CD REVIEW: Captain Kronos: Vampire Hunter

Film Music Institute > Film Music Magazine (Current) > CD Reviews > CD REVIEW: Captain Kronos: Vampire Hunter

Composer: Laurie Johnson
Label: Buysoundtrax
Suggested Retail Prices: $ 19.95
Grade: B+

From James Bernard’s thunderous score for Horror of Dracula to David Whitaker’s eerie Vampire Circus, Hammer scores and the undead have complemented each other like cobwebs and crypts. The studio’s talented composers specialized in a big, full-blooded orchestral sound, instantly evoking images of sinister bats, heaving corsets, fanged vampire brides and determined Dracula hunters. But by the 70’s, Hammer realized that their vampire formula was getting a bit long in the tooth. So they gave it an often-nutty transfusion in the coming years with bloodthirsty tarts (Twins of Evil), Kung-Fu zombies (Legend of the Seven Golden Vampires) and hippy familiars (Dracula A.D. 1972).

But perhaps no Hammer spin on the undead remains as beloved, or artistically successful as 1974’s Captain Kronos: Vampire Hunter – especially for its gloriously Gothic, swashbuckling score by Laurie Johnson. While many remember Johnson’s pulse-pounding theme for Captain Kronos, few Hammer aficionados know about the Englishman behind it. First coming to prominence with his humorous, military underscore for Dr. Strangelove, Johnson’s other memorable genre soundtrack would include First Men in the Moon, episodes of The Avengers (and its spin-off The New Avengers), as well as putting his spin on Bernard Herrmann’s killer baby music for Island of the Alive.

It was through his Avengers work (a show whose theme he also composed) that Johnson first came to the attention of the show’s writer and producer Brian Clemens. His talent for dashing adventure and black humor would lead to him scripting such notable features as And Soon the Darkness, Dr. Jekyll and Sister Hyde and The Golden Voyage of Sinbad. Yet Captain Kronos would somehow be the only film that Clemens would direct. And Johnson’s flair for dark, symphonic romance would be right in step for the coolest vampire hunter since Van Helsing.

First seen riding through the English hillside with his faithful assistant Grost, Laurie Johnson immediately establishes Kronos’ Germanic swashbuckle with a galloping, brass melody that stands as one of Hammer’s best themes. Yet most of Captain Kronos sticks to creepy strings, subtle clock-of-doom percussion and brooding brass valor. This is a soldier who’s as much a detective of undead doings as he is kick-ass vampire slayer. There’s also no mistaking the macabre romance of Bernard Herrmann in Johnson’s work (he’d conduct Obsession and orchestrate It Lives Again for the maestro). And with its dark winds, growling trumpets, low oboes and winding melodies, Herrmann’s spirit possesses Captain Kronos in a way that’s far more affectionate than ghoulish. From its lush orchestrations to eerie bells, Captain Kronos plays like the Hammer score that Herrmann would have composed.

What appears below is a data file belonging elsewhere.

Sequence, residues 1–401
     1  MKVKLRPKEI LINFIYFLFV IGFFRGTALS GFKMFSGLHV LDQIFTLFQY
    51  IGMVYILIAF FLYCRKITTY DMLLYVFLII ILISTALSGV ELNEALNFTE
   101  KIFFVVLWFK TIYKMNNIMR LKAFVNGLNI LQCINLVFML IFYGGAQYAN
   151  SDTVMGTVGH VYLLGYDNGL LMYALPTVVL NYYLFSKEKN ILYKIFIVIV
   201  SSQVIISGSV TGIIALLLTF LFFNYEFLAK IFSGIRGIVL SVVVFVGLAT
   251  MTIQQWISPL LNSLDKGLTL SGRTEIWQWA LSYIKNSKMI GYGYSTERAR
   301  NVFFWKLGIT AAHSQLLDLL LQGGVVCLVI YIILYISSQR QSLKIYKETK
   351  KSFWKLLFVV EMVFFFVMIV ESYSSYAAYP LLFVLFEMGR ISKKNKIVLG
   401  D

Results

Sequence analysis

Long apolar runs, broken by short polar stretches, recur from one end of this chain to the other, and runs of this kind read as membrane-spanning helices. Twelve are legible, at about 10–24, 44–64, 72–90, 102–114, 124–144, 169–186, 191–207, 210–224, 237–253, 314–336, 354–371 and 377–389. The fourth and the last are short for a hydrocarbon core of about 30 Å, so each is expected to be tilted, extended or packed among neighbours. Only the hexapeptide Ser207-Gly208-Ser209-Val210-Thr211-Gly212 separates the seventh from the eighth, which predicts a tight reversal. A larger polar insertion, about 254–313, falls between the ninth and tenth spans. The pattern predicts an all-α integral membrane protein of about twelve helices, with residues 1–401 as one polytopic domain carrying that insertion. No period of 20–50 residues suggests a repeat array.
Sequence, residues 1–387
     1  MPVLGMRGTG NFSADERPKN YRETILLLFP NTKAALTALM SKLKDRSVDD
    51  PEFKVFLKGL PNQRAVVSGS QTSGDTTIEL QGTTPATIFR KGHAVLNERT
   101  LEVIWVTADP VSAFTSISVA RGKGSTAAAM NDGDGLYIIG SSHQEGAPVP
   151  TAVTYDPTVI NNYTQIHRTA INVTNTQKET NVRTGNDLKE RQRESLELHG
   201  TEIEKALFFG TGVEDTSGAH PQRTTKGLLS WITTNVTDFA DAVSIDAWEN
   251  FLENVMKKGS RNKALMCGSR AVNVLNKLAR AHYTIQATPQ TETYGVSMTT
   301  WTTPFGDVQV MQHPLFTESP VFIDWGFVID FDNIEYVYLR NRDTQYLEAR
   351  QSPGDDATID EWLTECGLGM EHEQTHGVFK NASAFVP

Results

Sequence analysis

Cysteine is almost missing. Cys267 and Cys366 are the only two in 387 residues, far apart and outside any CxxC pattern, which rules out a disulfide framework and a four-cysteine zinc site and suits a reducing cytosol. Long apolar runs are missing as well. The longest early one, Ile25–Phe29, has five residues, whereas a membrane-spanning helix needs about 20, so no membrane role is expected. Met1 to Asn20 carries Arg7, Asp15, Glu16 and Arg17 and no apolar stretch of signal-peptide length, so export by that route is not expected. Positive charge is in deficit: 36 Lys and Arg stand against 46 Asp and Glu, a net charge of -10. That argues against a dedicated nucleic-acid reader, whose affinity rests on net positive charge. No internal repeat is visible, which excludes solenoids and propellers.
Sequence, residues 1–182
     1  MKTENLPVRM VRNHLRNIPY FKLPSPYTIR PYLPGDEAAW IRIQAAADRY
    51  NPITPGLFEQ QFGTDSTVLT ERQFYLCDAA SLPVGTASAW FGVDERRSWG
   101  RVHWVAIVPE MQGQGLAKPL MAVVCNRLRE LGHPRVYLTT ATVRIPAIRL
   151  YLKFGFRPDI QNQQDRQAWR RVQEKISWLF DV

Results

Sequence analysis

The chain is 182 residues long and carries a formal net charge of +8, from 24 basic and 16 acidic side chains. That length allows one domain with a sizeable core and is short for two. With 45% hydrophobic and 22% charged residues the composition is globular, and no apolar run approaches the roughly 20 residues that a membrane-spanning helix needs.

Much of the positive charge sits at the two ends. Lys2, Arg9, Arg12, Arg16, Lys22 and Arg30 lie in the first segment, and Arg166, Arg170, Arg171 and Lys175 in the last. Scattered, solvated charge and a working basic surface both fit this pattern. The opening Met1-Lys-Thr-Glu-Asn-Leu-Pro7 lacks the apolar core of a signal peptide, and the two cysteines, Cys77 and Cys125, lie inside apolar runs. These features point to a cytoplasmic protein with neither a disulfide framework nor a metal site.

But for all of Captain Kronos’ heroic brooding, there’s also a knowing black humor to it, especially in the methodical drums of “Doctor is a Vampire / Peace at Last,” where Kronos figures out the best way to kill the undead with a particularly reluctant victim. A Cimbalom also appears as a voice of the mystery vampire he hunts, a sound that conveys the ageless nature of Kronos’ prey, while also firmly setting the film in the 1600’s. And when victims fall under the vampire’s gaze, string shimmers instantly evoke the sounds of the undead’s trademarked stare. While most of this isn’t as ragingly symphonic as the kind of scoring that marked James Bernard’s Dracula soundtracks for Hammer, Captain Kronos remains suspenseful throughout its listen, especially with Johnson’s tight, thematic construction driving the captain to his final symphonic sword parries, playing his confrontation with the film’s aristocratic bloodsuckers with large, orchestral stabs.

Buysoundtrax has done a terrific job of putting this long-awaited vampire hunter back in musical business, with exceptional liner notes by horror music expert Randal Larson tuning us into the film’s history, and Johnson’s exceptional talents. But the icing on Kronos’ cake is a collection of instrumental sweetners and sound effects that went into musically outfitting this soldier of darkness. Here’s hoping that Buysoundtrax continues plundering the Hammer crypt for the remarkable scores like Kronos that lie within.

To buy the Captain Kronos: Vampire Hunter soundtrack, click here.

Leave a Reply

Your email address will not be published. Required fields are marked *